By Erica Evans
Stanford researchers have created and tested a system that prevents damage by allowing houses to slide back and forth instead of shaking during an earthquake.
Over the summer, contractors built a full-scale model home, and Stanford engineers tested the system in September at the earthquake plate at University of California, San Diego.
“The first shaking test was a little scary,” said Gregory G. Deierlein, director of the John A. Blume Earthquake Engineering Center.
“We made our computer models, but if something goes wrong, it could throw off the whole scale,” he added.
In the end however, the calculations and predictions proved to be accurate. The earthquake-resistant system was so effective that it resulted in almost no damage to the house during the test.
“We were able to reduce the damage to near zero, and so I think that’s a lot of potential,” said Ezra A. Jampole, one of Stanford’s Ph.D. students leading the project.
Even when the test’s intensity was scaled up to more than three times that of the 1989 Loma Prieta earthquake, the house stood strong.
Project’s inception and technology
The sliding house project was started nearly six years ago by a doctoral student named Scott Swenson; now, the project is managed by Ezra Jampole and Cristian E. Acevedo under the supervision of Deierlein and Eduardo Miranda, an associate professor of civil and environmental engineering.
The technology for the earthquake resistant house consists of two parts: the isolation system and the unibody.
The seismic isolator system works by placing the house on small sliding – puck-like – units, instead of attaching it directly to the ground. When an earthquake occurs, the house is able to slide from side to side over the ground instead of falling apart due to the violent and sporadic movements of the earthquake.
According to Acevedo, the unibody draws its name from the car industry, because car frames are made in one piece. Stanford engineers applied this idea to home-building by gluing the structural components of the house (walls and studs) to the architectural components (dry-wall and stucco).
By gluing these parts together, Acevedo and his teammates were able to create a structure that moved together as one unit.
“The whole thing is just one unit working together to try and resist the lateral forces of the earthquake,” Acevedo said. “[Furthermore], I saw this project and saw the practicalities of it – how it can be applied to real life – and that’s what drew me in.”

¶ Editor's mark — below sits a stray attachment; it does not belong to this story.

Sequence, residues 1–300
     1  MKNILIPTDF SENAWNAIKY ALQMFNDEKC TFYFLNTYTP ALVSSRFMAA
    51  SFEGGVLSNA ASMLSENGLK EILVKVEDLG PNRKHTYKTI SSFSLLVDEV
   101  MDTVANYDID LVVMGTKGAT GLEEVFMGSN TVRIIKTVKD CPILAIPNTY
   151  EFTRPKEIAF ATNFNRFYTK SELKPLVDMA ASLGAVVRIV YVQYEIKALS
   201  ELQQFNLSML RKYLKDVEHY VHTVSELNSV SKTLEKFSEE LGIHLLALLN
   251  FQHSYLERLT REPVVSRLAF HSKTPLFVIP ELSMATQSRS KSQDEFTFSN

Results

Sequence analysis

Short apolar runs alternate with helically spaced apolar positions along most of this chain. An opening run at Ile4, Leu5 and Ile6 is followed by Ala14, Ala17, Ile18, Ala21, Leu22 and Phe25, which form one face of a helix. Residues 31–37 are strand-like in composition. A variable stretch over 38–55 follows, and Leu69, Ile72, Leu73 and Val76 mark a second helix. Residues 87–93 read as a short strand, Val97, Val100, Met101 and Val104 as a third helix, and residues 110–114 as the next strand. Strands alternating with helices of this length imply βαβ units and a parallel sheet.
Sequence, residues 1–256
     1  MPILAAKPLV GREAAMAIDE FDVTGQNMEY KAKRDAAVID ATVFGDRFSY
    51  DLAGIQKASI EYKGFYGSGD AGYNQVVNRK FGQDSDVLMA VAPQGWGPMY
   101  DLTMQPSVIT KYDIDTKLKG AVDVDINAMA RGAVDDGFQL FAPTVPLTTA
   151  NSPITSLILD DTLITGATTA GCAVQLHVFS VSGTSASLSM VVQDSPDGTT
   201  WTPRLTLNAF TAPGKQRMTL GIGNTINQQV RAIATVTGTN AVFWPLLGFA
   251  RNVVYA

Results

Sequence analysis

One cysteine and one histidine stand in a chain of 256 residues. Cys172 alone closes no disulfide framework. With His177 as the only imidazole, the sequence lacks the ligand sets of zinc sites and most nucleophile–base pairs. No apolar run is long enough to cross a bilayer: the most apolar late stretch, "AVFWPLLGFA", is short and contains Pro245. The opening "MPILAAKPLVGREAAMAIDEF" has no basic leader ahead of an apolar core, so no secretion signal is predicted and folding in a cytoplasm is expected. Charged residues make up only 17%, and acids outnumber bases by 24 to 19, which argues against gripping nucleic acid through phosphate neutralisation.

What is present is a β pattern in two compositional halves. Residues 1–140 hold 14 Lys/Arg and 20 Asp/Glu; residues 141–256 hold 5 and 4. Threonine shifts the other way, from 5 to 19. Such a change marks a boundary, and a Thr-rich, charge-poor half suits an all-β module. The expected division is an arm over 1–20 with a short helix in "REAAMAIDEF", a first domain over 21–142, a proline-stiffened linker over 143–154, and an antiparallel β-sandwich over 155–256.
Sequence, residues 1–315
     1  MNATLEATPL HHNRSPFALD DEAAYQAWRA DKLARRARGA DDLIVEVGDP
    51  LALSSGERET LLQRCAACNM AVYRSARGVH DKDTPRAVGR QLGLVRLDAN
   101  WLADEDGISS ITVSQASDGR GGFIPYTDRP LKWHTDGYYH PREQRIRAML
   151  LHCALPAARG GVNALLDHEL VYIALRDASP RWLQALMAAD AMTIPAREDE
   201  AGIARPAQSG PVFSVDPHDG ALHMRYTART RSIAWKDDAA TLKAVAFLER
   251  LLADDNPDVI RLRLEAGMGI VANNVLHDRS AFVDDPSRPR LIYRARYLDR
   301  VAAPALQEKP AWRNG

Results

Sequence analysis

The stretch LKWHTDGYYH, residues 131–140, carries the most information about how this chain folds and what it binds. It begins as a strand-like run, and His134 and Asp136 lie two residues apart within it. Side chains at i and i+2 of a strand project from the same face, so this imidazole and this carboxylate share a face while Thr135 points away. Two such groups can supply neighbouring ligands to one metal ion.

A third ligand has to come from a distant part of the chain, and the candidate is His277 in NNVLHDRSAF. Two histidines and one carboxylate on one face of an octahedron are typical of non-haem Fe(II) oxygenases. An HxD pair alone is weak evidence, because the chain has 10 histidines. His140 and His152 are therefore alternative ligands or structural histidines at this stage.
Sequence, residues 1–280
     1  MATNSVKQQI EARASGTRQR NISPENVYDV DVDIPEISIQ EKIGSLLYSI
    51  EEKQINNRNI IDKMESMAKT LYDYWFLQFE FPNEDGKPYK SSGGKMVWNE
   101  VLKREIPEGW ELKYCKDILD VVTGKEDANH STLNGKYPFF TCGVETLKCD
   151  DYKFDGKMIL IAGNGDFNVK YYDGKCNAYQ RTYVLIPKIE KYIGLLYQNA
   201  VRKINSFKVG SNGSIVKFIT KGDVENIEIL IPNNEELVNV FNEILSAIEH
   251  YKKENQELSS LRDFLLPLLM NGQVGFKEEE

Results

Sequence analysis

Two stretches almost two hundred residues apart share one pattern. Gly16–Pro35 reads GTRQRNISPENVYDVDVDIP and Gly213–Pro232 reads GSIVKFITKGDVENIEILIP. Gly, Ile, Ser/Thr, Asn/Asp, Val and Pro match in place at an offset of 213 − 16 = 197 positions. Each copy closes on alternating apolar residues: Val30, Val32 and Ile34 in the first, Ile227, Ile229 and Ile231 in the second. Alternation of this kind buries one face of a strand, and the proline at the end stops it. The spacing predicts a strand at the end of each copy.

According to Jampole, most earthquake damage prevention research and systems focus on large structures. What makes Stanford’s project unique is that it focuses on small light-frame residential buildings.
“A lot of it is just the potential impact this could have on residential construction,” Jampole said.
Difficulties of implementation
Now that several weeks have passed since the full-scale experiment, the students are continuing to analyze the collected data and as well as beginning to study how this system will hold up over time.
The next step is for early adopters to come in and start using the product. According to Deierlein, however, this could take a while due to the complexity of the industry.
“From what we’re doing now till when it will be more routine could be 10 to 15 years,” Deierlein said. “When other folks start to see that this idea is really viable and economic, it will start to gain more widespread use.”
Because the Stanford engineers used easily accessible materials, contractors who have the design will be able to find the materials and build a house that uses the unibody and isolation systems.
“Earthquakes – we’re all aware of them, but we tend to not appreciate, when they come, how much damage they can cause,” Deierlein said.
Contact Erica Evans at elevans ‘at’ stanford.edu.